Typically when industrial or commercial designers choose to utilize 3D printing technology it’s to develop prototypes and proof of concept designs. In fact, the fastest growing sector of 3D printer purchases is from the design market, where rapid prototyping shaves weeks and even months off of projects while often producing a better final product. However with only a few exceptions 3D printing is rarely used to create the final product for sale, and certainly not for areas where furnishings need to be sturdy enough for the general public.
Waiting room office chairs, hotel furniture and restaurant decor are used far more frequently than furnishings for the home, so they require a durability that is often incompatible with the cost of current 3D printing technology. Things are slowly starting to change however, as advanced 3D printing materials and technologies are developed, refined and ultimately begin to drop in price. Especially for high-end manufacturers which supply designer furnishing to some of the world’s top hotels and restaurants.
For Morgan Studio’s newest line of seating, the contract seating design and manufacturing company wanted to incorporate several different variations that would share the same basic structure. Their RIO line of chairs offers several different backrest options, including an upholstered back to match the rest of the chair and a natural timber option. They also offer a 3D printed option that is available with two distinct finishes.
“This is an exciting new departure for us at Morgan and indeed new for the market. 3D printing is recognised commercially for small items like jewellery and accessories and then many experimental projects but not much in between. Not yet featured in furniture for a wider audience,” said Morgan Design Director, Katerina McMahon.
The 3D printed chairs from the RIO collection were designed by Mehran Gharleghi from Studio Integrate, an architecture and design studio in London. They partnered with Morgan to create the set of striking, comfortable and durable chairs for the commercial furniture market. The delicately curved sculptural arm and back is printed using a selective laser sintering (SLS) process that is printed as a single piece. The back was made with polyamide materials and is available in a white, textured finish or with a smooth metallized resin finish.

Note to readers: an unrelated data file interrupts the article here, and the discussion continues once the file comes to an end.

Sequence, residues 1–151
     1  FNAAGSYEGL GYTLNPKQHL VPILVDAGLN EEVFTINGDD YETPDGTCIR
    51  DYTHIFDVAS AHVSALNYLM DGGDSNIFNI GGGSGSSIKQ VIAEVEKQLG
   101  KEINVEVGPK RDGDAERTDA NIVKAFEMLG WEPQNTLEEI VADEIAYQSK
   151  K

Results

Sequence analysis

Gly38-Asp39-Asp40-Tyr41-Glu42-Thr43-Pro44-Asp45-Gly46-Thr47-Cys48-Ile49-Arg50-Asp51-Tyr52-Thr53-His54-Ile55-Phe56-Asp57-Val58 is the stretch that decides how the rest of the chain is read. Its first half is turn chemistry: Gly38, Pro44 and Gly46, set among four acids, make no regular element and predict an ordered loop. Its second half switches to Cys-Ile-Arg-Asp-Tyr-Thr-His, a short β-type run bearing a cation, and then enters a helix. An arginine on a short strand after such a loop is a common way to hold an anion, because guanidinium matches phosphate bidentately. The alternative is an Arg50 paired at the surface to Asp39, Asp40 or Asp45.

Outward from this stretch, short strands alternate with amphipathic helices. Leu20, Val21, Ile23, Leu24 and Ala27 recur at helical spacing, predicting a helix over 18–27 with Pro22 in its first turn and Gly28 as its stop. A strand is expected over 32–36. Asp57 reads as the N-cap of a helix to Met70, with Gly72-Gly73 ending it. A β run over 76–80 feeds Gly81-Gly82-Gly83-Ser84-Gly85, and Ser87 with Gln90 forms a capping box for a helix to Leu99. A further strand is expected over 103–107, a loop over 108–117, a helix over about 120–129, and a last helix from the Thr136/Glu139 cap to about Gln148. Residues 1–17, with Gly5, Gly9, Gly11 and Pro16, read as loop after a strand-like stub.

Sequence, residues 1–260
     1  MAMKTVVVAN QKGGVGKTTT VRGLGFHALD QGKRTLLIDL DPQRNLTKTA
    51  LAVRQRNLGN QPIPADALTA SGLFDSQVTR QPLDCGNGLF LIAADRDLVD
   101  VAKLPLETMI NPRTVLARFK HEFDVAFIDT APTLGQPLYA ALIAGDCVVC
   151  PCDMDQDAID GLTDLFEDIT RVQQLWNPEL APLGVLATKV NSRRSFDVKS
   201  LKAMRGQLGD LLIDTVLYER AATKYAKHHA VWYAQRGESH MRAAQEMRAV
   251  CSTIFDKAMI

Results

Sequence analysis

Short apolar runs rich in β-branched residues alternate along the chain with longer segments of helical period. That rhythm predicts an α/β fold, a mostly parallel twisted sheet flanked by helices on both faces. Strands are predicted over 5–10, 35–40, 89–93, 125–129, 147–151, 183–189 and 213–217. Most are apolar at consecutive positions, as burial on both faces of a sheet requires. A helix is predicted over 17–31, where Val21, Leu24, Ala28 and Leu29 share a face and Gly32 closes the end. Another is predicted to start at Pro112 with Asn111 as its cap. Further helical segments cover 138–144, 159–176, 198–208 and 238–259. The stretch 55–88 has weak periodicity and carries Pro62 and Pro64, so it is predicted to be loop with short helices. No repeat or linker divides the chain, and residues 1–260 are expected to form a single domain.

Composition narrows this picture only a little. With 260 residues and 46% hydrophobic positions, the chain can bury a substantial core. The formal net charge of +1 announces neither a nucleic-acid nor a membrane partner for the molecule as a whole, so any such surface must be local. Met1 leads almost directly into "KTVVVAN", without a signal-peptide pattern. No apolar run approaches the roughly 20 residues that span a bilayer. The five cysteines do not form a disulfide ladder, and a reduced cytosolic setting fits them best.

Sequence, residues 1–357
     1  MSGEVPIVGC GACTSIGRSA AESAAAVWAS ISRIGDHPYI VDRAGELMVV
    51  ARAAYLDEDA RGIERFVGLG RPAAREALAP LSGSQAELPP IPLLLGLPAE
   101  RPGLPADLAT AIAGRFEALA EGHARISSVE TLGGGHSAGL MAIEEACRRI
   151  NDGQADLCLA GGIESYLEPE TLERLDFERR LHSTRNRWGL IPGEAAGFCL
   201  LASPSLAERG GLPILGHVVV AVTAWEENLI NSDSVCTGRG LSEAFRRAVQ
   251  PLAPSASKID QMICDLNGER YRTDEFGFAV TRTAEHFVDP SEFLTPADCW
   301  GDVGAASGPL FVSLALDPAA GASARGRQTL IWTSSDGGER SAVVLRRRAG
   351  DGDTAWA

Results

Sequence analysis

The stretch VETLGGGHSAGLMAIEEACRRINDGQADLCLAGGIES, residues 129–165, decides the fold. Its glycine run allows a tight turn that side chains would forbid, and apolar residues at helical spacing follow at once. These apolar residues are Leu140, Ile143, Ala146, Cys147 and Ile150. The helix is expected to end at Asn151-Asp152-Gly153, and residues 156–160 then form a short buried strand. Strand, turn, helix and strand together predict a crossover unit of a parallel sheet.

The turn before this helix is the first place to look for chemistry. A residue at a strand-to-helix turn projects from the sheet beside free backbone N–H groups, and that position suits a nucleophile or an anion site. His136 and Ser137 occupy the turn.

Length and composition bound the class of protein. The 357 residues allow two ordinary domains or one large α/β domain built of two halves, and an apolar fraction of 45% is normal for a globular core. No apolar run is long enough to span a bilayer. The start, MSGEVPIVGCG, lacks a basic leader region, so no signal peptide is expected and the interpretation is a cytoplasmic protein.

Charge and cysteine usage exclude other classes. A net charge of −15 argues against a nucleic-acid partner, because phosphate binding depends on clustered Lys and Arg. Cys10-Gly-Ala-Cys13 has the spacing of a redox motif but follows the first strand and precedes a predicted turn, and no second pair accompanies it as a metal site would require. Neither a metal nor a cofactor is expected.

Morgan was already developing the RIO line of chairs when they contacted Studio Integrate. They had settled on two designs, one with a timber back and another with a minimal upholstered back, however they felt that the collection needed something else and decided to bring a third chair into the collection. Mehran’s objectives were to retain the form of the existing design, but to use new 3D printing manufacturing methods to create subtle variations in each individual chair.
The lattice framework on the back of the chair is generated using a mathematical algorithm that removed as much material as possible without sacrificing the chair’s structure. It also generated the backs with small differences in the lattice pattern, so each set of six 3D printed chairs will be slightly different than the others in the set. This gives each chair a subtle variation, as if they were hand made.
“We had achieved the right shape but wanted to add something new. I removed as much material as possible to make the backrest lighter and flexible for extra comfort, while maintaining its strength. The final design resulted in a form which looks like inner structures of bone. It is nice to touch and there are no joints, even the connections to the chair base are from the same single piece of polyamide, making it incredibly strong. Each chair takes 24 hours to print,” explained Mehran.
Here is an interview with Gharleghi at the Morgan showroom:
Morgan Studio and designer Mehran Gharleghi describe the RIO collection as a line of seating that explores the craft of yesterday versus the craft of tomorrow. The collection was debuted at the London Design Festival in September and is currently on display at Morgan Studio’s Clerkenwell showroom in central London. You can find out more about the RIO line of chairs here.
Would you put 3D printed furniture like this in your office or home? Let us know in the 3D Printed Commercial Furniture Forum thread on 3DPB.com.